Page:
EB Yes, lately it's a nail. My friend's father works in geotechnics and civil engineering. Nails are repeatedly pulled from very old rail systems. Things like that excite me in my practice. I work with what's available.

TW What is the potential in found objects?

EB I'm convinced that there's potential to redirect objects and symbols toward a different trajectory. This notion fills me with hope. Simultaneously, it relates to accessibility. Nearly everyone has encountered a bell; its influence is profound. I draw inspiration from this ubiquity. I find it remarkable that certain objects, like the rose, for instance, consistently offer enjoyment.

TW Do you manipulate objects?

EB For me, it's more about gestural appropriation than manipulation. I engage with found objects because they carry inherent significance and I work with these qualities.

TW Your recent works often involve scanning objects, adding the medium of paper to your practice. Yet, you consistently return to found objects. Tell me more about the scans in the exhibition.

EB With the scans, I am drawing inspiration from artists who influence my practice, such as Sigmar Polke or Pati Hill. I chose to scan objects from my collection because they lose their three-dimensionality in the process, yet the resulting scan still retains depth. This process allows me to bridge traditional elements like materials, craftsmanship, and artistic themes with a contemporary approach.

TW Does your practice follow a certain etiquette?

EB I hold myself to high standards, and as a result, I also hold my environment to high expectations. Consequently, I am sometimes perceived as strict and actually I am a compassionate and considered person. There is for sure a side of me that exhibits stringency, particularly towards my work.

TW Language is a very important tool for you. The site-specific works “Dare” (2021) in a parking garage in Düsseldorf comes to mind. The typography is applied to the wall in driveway marking paint, it becomes reflective when a cone of a car light hits the wall and the tiny glass beads break the light. So, how important is text in your work?

EB A considerable part of my artistic inspiration stems from linguistic sources. Even the insights I shared with you about the title at fiebach, minninger stem from reflections I've internalized, which find their expression through language and subsequently inform my decision-making process. I curate an ongoing archive where I gather aphorisms and quotes—words and phrases that resonate with me. This practice holds immense significance for me because by looking back at this, I am continuously reminded of the themes and ideas that have preoccupied my mind.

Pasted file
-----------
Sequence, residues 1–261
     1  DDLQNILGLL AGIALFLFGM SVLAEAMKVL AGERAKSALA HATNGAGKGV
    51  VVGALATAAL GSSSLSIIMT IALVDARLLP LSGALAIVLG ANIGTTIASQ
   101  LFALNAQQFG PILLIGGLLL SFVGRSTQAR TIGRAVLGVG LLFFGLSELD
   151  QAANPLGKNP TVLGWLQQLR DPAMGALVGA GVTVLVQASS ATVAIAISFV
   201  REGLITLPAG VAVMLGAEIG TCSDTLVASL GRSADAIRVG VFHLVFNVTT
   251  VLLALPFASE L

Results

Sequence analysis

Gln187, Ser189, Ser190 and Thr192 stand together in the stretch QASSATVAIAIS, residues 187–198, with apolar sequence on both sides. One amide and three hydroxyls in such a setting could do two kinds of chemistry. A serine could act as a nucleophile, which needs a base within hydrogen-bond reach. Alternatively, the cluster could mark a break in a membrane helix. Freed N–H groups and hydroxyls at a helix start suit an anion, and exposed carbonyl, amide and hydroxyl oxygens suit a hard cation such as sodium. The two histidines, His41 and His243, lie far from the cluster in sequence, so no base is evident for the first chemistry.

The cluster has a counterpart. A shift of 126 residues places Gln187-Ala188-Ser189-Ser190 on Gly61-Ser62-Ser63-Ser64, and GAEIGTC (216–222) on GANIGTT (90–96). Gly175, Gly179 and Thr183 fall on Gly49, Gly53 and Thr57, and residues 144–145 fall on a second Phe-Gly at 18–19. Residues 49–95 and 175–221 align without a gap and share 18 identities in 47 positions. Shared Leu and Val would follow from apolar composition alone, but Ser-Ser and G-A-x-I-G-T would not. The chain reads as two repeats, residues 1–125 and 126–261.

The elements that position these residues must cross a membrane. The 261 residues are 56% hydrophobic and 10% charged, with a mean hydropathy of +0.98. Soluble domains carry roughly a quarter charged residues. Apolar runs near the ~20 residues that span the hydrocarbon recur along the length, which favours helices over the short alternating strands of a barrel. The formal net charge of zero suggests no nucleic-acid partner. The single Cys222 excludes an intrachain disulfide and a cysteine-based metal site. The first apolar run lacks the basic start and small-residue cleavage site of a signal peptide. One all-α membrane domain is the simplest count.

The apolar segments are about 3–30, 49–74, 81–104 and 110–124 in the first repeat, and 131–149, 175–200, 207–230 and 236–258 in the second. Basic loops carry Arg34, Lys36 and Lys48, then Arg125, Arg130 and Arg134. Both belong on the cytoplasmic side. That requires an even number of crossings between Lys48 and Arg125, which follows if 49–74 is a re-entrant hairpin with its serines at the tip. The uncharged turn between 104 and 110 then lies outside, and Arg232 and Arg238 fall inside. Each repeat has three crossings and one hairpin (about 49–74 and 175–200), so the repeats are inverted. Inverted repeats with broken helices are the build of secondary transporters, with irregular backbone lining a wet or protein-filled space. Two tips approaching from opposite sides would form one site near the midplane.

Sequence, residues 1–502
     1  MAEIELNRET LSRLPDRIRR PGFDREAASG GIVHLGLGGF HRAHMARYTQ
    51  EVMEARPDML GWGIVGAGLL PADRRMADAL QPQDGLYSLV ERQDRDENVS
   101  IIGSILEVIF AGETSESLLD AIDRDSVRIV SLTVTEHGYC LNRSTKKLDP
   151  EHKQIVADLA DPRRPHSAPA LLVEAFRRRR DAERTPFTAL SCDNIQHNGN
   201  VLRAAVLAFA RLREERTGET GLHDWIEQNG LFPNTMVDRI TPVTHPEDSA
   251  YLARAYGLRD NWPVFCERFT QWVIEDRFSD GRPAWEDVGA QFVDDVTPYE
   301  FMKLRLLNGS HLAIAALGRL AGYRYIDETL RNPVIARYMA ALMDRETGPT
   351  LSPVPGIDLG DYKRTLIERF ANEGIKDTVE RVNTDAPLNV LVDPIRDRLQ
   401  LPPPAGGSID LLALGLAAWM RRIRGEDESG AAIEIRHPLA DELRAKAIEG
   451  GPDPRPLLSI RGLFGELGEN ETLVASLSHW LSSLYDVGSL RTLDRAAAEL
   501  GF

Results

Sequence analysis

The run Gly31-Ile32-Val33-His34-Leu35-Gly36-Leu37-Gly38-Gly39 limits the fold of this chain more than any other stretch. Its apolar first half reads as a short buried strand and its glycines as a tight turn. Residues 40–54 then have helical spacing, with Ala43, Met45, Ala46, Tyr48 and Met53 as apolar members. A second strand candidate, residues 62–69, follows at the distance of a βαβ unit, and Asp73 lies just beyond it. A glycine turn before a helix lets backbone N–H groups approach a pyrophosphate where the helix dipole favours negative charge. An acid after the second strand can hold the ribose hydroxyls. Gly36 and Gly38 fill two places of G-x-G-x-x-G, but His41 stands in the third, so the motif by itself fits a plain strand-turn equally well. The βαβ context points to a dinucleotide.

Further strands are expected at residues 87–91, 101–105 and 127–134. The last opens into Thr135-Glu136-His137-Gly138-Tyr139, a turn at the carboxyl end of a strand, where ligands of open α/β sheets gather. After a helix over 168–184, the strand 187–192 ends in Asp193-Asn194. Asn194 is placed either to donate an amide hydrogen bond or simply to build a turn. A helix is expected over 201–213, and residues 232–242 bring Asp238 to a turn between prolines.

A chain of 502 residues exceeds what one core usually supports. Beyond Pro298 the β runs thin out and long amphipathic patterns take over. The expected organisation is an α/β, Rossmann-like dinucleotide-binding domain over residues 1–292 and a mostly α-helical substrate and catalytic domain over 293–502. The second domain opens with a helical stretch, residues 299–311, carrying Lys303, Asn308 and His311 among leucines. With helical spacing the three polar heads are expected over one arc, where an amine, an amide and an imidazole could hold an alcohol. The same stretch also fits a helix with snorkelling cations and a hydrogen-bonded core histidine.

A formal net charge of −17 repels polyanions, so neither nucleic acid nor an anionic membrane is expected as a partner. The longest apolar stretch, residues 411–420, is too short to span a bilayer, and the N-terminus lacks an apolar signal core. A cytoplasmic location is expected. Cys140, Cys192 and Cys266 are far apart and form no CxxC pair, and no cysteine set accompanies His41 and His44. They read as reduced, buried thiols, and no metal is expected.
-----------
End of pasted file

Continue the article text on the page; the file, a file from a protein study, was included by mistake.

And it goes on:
TW How did the French writer and philosopher Georges Bataille come into your work?

EB I think Bataille and I have many similarities in the fascinations we have. I love that he creates such absurd situations and images. In one of his books "The Story of the eye", there are two teenagers. It's about a game of leadership and attraction. The boy dips his naked bottom into a plate of milk because he wants her to do the same. It's such an absurd image to me, but it has a totally sensual quality.

TW And how do your and Bataille themes converge?

EB Through the idea of the Die Marter “Zereißprobe”, which actually comes from a biblical context. But Bataille describes it as a trial of being torn apart and an experience that takes place outside of any everyday situation and must be endured. It's about enduring rupture and self-loss and precisely at that moment encountering the sacred —it’s a transcendental experience. This means that there is transcendence in the pain. I think a lot of my work comes from a position of pain - as a very sublevel of the process. It's good and it's important to look where it hurts and where the pain is and to understand clearly what pain means. And whether it's a physical pain, like the first pain we feel when our teeth grow. You can't end it. Bataille somehow found a way to make that productive for himself and so did I.

Eliza Ballesteros (*1988) lives and works in Vienna and Düsseldorf. She graduated at Kunstakademie Düsseldorf in 2019 as a master student of Prof. Rita McBride. In 2021 she received the Förderpreis YOUNG ARTIST PUBLISH from the Stiftung Kunst und Kultur Bonn and Wienand Verlag Köln and had her first solo exhibition with fiebach, minninger. Ballesteros works have been shown among others at the Kunstsammlung NRW K21 (Düsseldorf 2020), Kunsthalle Düsseldorf (Düsseldorf 2021), Kunst im Tunnel KIT (Düsseldorf 2022), Simultanhalle (Cologne 2021), Westfälischer Kunstverein (Münster 2022) and at Duarte Sequeira Gallery (Braga 2023/24). Ballesteros describes herself as a sculptural conceptual artist, dealing with objects, texts and installation.

Theresa Weise is an art historian, author, and editor.